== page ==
Over Arthur’s Pass, under a shifting sky, the view is framed by scree, raw where the snow has been and gone. Higher peaks are still dusted with white. People around me in the van point out various valleys and saddles, describing trails they’ve walked, sharing past adventures.
I’m sharing this adventure with twelve others; two guides – Rob and Steve – and fellow tourists from Auckland, Christchurch, Hamilton and Nelson. My sister and I had met the others that morning and now we’re headed for the West Coast.
The closer we get, the moodier and wider the landscape gets. The wild sea, when it appears, stretches far away. At Ross we climb out and stretch and our bikes are unloaded from the trailer.
We’re itching to get going on the famous West Coast Wilderness Trail. Each of us is fitted to our ebikes, the basics explained, and off we go – shepherded by Steve while Rob drives ahead to rendezvous later.
The first part of the trail is straight as an arrow following the coast north, along a smooth wide path. Then we come to bush where the track narrows and we wind through shadow and through tunnels of pretty green; it’s enchanting and magical.
Along a sturdy boardwalk, we cross wetlands then take paths that were once tramlines used for forestry and ride up to Treetops, a rainforest park featuring massive rimu, kāmahi and other giants. Here we wander out to a cantilevered platform overlooking Lake Mahinapua and up, up a spiral staircase to look across the canopy and down into trees’ crowns. It’s a beautiful experience, up with the birds.
Back on the bikes, we set out for the last stretch to Hokitika, about 16 kilometres, which took only about half an hour including stops for photographs. This is our first lesson in ebike riding: we see how far we have to go and think it will take an age by bike, before remembering the ‘e’ bit. It’s easy to do 25km/hour although – along the narrow tracks with distractingly beautiful bush, sparkly views and speckle-shadowed tunnels – we tend to slow down. Over the days to come, we average about 15km/hour. Near the coast we stop to look down into the clear cool water of a river rushing to the sea, weed dancing against the glassy surface.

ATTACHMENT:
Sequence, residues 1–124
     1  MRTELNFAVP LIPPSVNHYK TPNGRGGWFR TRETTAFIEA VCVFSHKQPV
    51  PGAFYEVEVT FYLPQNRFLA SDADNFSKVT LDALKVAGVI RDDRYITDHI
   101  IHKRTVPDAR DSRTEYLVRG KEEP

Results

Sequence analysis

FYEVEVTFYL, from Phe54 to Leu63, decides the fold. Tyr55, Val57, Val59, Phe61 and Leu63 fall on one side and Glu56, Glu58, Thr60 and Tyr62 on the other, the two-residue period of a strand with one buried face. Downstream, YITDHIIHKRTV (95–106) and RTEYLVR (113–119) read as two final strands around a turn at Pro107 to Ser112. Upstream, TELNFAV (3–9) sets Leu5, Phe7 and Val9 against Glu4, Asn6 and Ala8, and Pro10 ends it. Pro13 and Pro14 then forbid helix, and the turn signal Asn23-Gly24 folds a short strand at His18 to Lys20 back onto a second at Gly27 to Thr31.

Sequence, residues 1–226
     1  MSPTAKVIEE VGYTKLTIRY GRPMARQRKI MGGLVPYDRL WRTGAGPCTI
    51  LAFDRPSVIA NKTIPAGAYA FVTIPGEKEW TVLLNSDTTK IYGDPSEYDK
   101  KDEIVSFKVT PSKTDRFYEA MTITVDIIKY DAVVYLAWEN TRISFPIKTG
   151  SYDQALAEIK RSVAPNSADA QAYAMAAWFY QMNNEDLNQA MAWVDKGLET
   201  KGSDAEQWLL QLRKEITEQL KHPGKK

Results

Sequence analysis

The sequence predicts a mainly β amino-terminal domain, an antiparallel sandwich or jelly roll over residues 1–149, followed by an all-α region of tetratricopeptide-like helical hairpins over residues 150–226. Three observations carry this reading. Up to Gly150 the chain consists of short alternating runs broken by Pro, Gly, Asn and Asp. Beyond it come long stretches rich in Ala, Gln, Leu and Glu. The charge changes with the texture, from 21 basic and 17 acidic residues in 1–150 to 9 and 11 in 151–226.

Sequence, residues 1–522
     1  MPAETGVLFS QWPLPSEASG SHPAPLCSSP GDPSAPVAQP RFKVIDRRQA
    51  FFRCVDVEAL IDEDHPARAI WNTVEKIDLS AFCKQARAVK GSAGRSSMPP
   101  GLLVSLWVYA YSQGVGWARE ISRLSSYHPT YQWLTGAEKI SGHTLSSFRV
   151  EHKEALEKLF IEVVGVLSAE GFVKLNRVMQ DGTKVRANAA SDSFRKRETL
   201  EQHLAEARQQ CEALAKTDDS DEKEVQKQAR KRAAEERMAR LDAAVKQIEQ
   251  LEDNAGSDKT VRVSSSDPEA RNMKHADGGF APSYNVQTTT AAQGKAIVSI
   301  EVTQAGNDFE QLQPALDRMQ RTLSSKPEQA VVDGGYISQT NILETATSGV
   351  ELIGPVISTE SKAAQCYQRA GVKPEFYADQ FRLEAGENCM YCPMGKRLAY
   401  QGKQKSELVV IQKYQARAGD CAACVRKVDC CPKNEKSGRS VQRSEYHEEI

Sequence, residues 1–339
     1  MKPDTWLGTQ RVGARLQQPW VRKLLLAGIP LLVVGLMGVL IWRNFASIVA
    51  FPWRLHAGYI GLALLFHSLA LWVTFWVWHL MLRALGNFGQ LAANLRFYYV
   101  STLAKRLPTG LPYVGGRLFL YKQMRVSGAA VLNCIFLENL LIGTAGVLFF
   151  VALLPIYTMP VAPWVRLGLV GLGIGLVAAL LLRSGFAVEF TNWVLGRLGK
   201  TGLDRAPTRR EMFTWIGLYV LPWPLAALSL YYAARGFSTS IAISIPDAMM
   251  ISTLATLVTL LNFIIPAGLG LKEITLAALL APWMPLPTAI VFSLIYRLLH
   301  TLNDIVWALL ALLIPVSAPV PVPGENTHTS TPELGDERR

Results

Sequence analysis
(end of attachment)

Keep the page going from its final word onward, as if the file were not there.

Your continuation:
We ride a skinny path running alongside a long road bridge, safely away from the traffic, into Hokitika, and along the beach to a hotel with views out to the sunset.
We’re feeling triumphant. It’s been a lovely first day and I’m feeling confident. This is my first experience of ebiking; I love how, when faced with a hill, I can pop the bike into boost and a soft gear and zoom up, easy-as, as if pulled by a thread.
Those on the tour are aged in their late 50s up to early 80s. Everyone is active and adventurous and while some are no doubt fitter than others, being on ebikes evens it out.
Wednesday dawns overcast. I ask a local at breakfast what the weather might do and she says: “Well, it’s the West Coast so either wind or rain, hopefully not both or too much.”
From Hokitika, instead of riding over the long bridge we go under it and through back streets and then inland, along a trail and a quiet rural road.
At Lake Kaniere we have coffee from thermoses on the shore then ride around the edge of the lake for several kilometres, up and down and at times fast on the smooth road, with an ear out for traffic, but there isn’t much, and any that passes us does so respectfully.